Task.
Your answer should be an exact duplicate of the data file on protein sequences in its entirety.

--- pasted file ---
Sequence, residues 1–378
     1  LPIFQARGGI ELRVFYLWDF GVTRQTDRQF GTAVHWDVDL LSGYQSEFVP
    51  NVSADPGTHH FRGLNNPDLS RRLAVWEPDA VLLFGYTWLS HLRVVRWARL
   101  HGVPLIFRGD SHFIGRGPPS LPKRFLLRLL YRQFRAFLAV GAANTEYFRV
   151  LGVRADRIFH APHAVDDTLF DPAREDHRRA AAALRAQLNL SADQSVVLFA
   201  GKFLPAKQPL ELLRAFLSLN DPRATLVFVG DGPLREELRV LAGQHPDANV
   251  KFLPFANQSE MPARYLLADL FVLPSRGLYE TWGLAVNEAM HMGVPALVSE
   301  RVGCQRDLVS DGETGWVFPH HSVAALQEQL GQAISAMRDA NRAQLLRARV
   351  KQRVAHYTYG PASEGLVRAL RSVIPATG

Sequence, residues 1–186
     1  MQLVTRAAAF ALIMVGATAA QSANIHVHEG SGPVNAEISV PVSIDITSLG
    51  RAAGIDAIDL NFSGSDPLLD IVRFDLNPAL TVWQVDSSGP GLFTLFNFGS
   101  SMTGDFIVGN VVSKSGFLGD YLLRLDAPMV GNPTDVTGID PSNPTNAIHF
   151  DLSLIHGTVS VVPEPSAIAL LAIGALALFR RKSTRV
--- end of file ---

Sequence, residues 1–378
     1  LPIFQARGGI ELRVFYLWDF GVTRQTDRQF GTAVHWDVDL LSGYQSEFVP
    51  NVSADPGTHH FRGLNNPDLS RRLAVWEPDA VLLFGYTWLS HLRVVRWARL
   101  HGVPLIFRGD SHFIGRGPPS LPKRFLLRLL YRQFRAFLAV GAANTEYFRV
   151  LGVRADRIFH APHAVDDTLF DPAREDHRRA AAALRAQLNL SADQSVVLFA
   201  GKFLPAKQPL ELLRAFLSLN DPRATLVFVG DGPLREELRV LAGQHPDANV
   251  KFLPFANQSE MPARYLLADL FVLPSRGLYE TWGLAVNEAM HMGVPALVSE
   301  RVGCQRDLVS DGETGWVFPH HSVAALQEQL GQAISAMRDA NRAQLLRARV
   351  KQRVAHYTYG PASEGLVRAL RSVIPATG

Sequence, residues 1–186
     1  MQLVTRAAAF ALIMVGATAA QSANIHVHEG SGPVNAEISV PVSIDITSLG
    51  RAAGIDAIDL NFSGSDPLLD IVRFDLNPAL TVWQVDSSGP GLFTLFNFGS
   101  SMTGDFIVGN VVSKSGFLGD YLLRLDAPMV GNPTDVTGID PSNPTNAIHF
   151  DLSLIHGTVS VVPEPSAIAL LAIGALALFR RKSTRV